In addition to Orton-Gillingham tutoring, students have access to the school’s extensive Assistive Technology program. “This includes computers and other specialized electronic devices that greatly help dyslexic students,” says Lane. Some can translate a student’s dictated words into letters on a computer screen, enabling them to express themselves quickly and clearly as they do their schoolwork.
Most students study at Kildonan for at least two years, says Lane. “For students who just need to have a smaller gap between their potential and actual literacy skills, that’s often enough time to give them a ‘booster shot.’ ” But many kids spend their entire middle- and high school years at Kildonan. “They see that this environment not only helps them remediate their challenges, but we think it does a very good job of repairing their self-esteem, while continuing to challenge them,” Lane says.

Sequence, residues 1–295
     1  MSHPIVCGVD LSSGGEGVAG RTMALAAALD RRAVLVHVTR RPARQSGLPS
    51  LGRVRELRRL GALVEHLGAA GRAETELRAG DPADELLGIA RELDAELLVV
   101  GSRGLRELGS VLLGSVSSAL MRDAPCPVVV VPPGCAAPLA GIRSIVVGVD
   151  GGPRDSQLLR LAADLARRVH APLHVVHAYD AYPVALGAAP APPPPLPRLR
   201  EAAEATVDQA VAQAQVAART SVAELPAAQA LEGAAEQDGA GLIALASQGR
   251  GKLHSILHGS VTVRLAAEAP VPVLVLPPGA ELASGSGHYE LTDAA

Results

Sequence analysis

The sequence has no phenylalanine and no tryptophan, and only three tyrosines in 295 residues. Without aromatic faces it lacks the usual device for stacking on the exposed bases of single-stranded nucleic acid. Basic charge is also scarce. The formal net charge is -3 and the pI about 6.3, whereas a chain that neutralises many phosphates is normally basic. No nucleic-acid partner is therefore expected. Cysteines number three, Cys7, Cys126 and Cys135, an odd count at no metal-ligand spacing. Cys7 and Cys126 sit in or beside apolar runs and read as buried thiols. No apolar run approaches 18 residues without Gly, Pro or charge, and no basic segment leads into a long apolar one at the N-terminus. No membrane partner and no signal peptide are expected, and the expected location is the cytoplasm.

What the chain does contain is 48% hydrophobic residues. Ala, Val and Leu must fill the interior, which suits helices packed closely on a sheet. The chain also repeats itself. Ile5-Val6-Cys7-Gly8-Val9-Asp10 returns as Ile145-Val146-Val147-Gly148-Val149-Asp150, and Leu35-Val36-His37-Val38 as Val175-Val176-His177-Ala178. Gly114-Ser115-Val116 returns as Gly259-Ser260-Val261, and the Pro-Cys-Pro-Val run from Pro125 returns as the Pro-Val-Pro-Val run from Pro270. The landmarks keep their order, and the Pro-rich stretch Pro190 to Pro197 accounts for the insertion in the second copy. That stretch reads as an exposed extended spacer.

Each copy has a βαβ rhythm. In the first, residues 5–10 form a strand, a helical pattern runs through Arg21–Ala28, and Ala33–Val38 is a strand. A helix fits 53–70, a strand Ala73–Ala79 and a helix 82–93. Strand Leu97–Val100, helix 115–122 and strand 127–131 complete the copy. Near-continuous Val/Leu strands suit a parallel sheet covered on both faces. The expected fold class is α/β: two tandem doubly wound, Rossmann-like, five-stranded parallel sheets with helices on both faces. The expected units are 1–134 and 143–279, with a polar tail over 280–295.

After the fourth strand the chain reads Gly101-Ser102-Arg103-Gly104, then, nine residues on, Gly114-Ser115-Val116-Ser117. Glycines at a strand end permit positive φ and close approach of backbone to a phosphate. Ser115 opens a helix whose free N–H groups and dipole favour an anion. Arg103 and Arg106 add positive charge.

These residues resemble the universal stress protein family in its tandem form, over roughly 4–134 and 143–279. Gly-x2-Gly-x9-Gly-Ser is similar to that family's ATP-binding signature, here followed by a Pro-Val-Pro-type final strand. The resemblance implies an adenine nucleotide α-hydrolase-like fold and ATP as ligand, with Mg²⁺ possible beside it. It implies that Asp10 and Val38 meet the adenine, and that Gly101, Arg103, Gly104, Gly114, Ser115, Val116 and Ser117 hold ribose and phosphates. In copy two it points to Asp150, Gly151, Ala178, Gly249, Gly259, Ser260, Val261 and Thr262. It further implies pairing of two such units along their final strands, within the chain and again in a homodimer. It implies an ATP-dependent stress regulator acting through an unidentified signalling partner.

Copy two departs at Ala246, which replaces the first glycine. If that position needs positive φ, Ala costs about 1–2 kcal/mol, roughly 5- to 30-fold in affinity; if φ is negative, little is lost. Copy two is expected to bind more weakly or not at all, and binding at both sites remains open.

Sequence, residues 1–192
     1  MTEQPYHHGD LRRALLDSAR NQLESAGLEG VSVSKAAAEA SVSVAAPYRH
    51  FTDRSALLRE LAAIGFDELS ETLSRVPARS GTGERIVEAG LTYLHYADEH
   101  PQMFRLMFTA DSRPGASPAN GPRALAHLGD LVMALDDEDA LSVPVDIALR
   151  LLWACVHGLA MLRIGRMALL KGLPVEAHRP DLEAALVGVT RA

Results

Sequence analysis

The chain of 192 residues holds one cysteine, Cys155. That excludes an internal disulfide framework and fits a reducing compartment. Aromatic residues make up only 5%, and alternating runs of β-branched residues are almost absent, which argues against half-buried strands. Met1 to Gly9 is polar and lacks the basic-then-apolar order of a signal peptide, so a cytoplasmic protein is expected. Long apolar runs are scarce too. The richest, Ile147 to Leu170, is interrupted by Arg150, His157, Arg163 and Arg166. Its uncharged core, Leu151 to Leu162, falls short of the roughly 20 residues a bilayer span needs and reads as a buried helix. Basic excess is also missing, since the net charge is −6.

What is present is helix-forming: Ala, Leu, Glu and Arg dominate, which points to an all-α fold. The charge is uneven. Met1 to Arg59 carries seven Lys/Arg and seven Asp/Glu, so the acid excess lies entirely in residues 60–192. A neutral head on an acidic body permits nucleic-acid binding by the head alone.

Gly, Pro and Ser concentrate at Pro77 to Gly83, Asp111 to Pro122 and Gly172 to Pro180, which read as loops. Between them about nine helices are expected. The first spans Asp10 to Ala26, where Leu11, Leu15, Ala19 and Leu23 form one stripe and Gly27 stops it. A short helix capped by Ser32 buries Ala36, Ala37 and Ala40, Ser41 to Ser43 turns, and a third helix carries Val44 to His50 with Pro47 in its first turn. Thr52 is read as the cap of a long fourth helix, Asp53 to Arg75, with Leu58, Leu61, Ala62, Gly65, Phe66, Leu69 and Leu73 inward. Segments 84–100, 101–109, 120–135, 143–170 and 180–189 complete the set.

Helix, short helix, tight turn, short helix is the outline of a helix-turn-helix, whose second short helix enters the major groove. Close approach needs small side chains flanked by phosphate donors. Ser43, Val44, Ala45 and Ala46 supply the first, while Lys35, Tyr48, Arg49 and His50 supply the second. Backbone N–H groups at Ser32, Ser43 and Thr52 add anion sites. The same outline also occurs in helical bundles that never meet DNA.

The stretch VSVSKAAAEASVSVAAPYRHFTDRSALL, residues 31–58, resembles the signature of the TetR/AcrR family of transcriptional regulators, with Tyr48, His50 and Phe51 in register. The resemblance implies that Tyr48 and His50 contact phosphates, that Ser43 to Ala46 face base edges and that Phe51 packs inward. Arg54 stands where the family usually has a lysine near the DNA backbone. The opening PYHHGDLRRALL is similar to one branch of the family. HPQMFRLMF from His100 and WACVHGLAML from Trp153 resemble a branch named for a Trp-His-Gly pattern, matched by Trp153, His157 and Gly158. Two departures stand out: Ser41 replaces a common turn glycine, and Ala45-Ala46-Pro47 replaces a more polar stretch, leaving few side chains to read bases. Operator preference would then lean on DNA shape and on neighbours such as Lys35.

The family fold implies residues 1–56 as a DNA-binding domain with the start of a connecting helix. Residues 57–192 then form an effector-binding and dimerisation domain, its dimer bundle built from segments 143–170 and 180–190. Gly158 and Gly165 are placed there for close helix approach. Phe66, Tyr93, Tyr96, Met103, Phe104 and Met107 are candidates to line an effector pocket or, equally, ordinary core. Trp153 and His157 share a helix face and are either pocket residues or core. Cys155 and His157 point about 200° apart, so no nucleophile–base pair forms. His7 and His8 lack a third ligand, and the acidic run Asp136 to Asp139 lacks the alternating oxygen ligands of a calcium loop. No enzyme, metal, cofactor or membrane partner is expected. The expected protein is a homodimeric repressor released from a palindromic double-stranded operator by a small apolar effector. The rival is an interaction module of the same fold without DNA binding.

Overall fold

Starting in the elementary grades, students study a full range of courses. The school also offers a pre-college curriculum for older kids. “We don’t water anything down,” says Lane.
As a private school, Kildonan is permitted to depart from standard state testing requirements. “We’re grateful we don’t have to give Regents exams, although we do administer Regents competency exams in some areas,” says Lane.
The school skips awards such as dean’s list and honor roll, and instead offers Academic Effort recognitions each term, based on a student’s motivation, dedication, behavior, and other key factors.